8139 The debate here is, will we go there with wireline, and that's what's at risk. We're there with wireless, but --
8140 THE CHAIRPERSON: So, in effect, it's a two-part strategy, big cities you will serve with fibre, small cities you will serve with wireless if forced to by us. That is what you are saying?
8141 MR. BIBIC: That's what we will have to consider. Right now you have the built plan in the confidential filings.
8142 Right now tonnes of communities would get fibre to the node.
8143 THE CHAIRPERSON: Yes, but I am positing that we justify or better justify our speech, our decision, in which case that is the outcome you are suggesting will happen?
8144 MR. BIBIC: What will happen is the built plan will be reviewed, some communities may continue to get wireline Internet, you know, on a delayed basis and others will fall off.
8145 And I'm not saying anything that Mr. Cope didn't categorically state.
8146 THE CHAIRPERSON: No, no, I understand. I am just trying to make sure of the implication of the...
8147 Now, lastly, you say the local forbearance order really was limited to the local forbearance. I mean, who can argue with, I mean, obvouisly it was used in that inference.
8148 But did it not express the appreciation of the government which we also referred to in our essential services, that nobody can enter into service in this country and everybody is forced to lease in some way and, in effect, that the best we can achieve in this country is facilities-based competitors who have hopefully largely built their network but partially have to lease it because it is just not economic to build all over the country, and that is really the competitor field we should consider.
8149 So, when you say here that -- you suggest that, in effect, for speed sharing and for this whole hearing we do not adopt the definition of facilities-based competitors as set out under the variation order; isn't that over stating it?
8150 Isn't that taking away from the very essence of what we started with in our essential services when we said after hearing the evidence from you and others, in effect, the reality in Canada is that everybody is mixed, there will be facilities-based some and leased others. That is what we had taken and, on that basis, you were all framework and the Cabinet re-affirmed that framework.
8151 So, I don't think they said, for this purpose do not consider facilities-based competitors anything else than even we did in the essential services.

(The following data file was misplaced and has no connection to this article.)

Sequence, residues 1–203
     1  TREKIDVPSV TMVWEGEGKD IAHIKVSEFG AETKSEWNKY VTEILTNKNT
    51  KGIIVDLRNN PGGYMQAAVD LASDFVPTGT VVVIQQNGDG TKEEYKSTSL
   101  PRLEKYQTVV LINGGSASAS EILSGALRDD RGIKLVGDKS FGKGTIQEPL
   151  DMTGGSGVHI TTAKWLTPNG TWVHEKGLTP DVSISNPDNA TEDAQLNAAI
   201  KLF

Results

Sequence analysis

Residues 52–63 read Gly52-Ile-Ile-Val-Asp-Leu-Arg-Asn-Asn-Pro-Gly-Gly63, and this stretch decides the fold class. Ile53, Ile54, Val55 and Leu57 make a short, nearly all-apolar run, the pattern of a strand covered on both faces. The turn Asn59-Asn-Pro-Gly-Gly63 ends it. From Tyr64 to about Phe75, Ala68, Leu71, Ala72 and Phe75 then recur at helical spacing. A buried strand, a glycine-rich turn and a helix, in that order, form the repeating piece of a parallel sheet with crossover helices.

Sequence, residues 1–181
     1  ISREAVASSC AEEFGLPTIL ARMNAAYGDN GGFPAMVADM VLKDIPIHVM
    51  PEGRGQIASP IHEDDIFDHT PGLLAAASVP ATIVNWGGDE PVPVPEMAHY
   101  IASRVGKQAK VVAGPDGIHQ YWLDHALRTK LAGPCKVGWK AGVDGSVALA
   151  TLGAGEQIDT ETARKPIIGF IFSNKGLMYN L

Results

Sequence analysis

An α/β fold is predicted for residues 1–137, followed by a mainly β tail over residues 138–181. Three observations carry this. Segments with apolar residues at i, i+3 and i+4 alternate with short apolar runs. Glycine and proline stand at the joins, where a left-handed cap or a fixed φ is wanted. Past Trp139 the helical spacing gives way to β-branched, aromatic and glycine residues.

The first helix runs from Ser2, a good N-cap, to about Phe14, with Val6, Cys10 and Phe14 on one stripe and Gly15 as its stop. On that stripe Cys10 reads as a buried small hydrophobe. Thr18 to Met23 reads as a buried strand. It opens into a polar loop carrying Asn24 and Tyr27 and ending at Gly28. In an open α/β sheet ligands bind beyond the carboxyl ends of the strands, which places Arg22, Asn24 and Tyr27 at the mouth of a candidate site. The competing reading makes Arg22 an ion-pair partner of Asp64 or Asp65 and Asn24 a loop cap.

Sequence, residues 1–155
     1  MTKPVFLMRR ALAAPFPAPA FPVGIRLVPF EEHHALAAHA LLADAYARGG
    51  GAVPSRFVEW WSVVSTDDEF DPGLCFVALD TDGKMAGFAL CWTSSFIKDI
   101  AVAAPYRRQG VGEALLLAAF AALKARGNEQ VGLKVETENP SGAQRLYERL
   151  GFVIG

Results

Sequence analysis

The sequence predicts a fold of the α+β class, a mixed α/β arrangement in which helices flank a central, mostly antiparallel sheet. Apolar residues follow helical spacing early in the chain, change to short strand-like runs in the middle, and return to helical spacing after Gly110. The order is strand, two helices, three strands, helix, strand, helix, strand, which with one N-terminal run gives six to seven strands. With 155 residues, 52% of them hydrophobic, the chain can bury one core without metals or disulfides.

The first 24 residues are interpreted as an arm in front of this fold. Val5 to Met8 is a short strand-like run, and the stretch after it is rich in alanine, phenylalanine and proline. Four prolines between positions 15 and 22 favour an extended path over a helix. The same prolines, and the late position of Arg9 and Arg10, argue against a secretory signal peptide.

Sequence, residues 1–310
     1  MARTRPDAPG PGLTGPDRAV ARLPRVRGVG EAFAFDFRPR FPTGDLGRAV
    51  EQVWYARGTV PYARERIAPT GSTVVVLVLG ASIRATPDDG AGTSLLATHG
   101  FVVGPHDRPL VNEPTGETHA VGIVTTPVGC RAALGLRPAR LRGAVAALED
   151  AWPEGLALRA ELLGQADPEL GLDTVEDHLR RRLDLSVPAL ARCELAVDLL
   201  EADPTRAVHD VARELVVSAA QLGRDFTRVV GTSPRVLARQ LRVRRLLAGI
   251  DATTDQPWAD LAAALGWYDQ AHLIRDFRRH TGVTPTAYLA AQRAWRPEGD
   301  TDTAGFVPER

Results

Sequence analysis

8152 MR. BIBIC: I think, Mr. Chairman, that you're reading far more provocation in my page 6 than was intended.
8153 THE CHAIRPERSON: Oh, I am delighted if that is the case.
8154 MR. BIBIC: Yes. No, you're reading far more provocation. I do not dispute that the variation order defined facilities-based competition -- facilities-based competitors in Canada as including those who lease and build in part. I'm not debating that.
8155 But what I'm saying is, it doesn't dictate the outcome. It doesn't mean, therefore, that because they are facilities-based competitors you must mandate access to ensure that they're protected in their business.
8156 That's why I say it doesn't dictate the outcome. And the reason is -- the reason is, let's be practical, this would not have been sent back if Cabinet was not concerned about our investments.
8157 It goes right back to the debate we just had a second ago about the impacts in small communities. Cabinet is concerned about ILECs continuing to invest in next-generation infrastructure to put us at the forefront of broadband in Canada.
8158 That's why this issue was sent back, as well as IPTV, and of course they put in their Order-in-Council that you had to look, as one of the elements, at competition. But it doesn't dictate the outcome, is all I meant to say.
8159 THE CHAIRPERSON: But Cabinet, much as it is concerned about the whole outcome of, you know, next-generation network, it is also concerned about the whole outcome of not leaving out small-town Canada, and that is why I am trying to find if there is some way, some middle ground, some win/win solutions, therefore, you are putting me in front of a very difficult choice.
8160 You say either you have a roll-out of next generations or, if you do mandate speed or mandate ADSLCO you are going to delay it, retard it or you are not going to have it.
8161 MR. BIBIC: And that's what Cabinet is concerned about, that's why they sent it back.
8162 If we don't build -- when I say -- and Dennis will -- Dennis would like to step in here, but if we -- I say in the end, if we don't build nobody will.
8163 And perhaps I could refer you to Exhibit 4 of my opening statement. It's kind of four, five pages from the back.
8164 THE CHAIRPERSON: Yes.
8165 MR. BIBIC: And we don't have to go through this in detail, but this is from IDC and they have Canadian Telecom Cap Ex by company and you'll see the extent of the investments we make, that Rogers makes, the cable companies make, TELUS make, all of this is fairly obvious.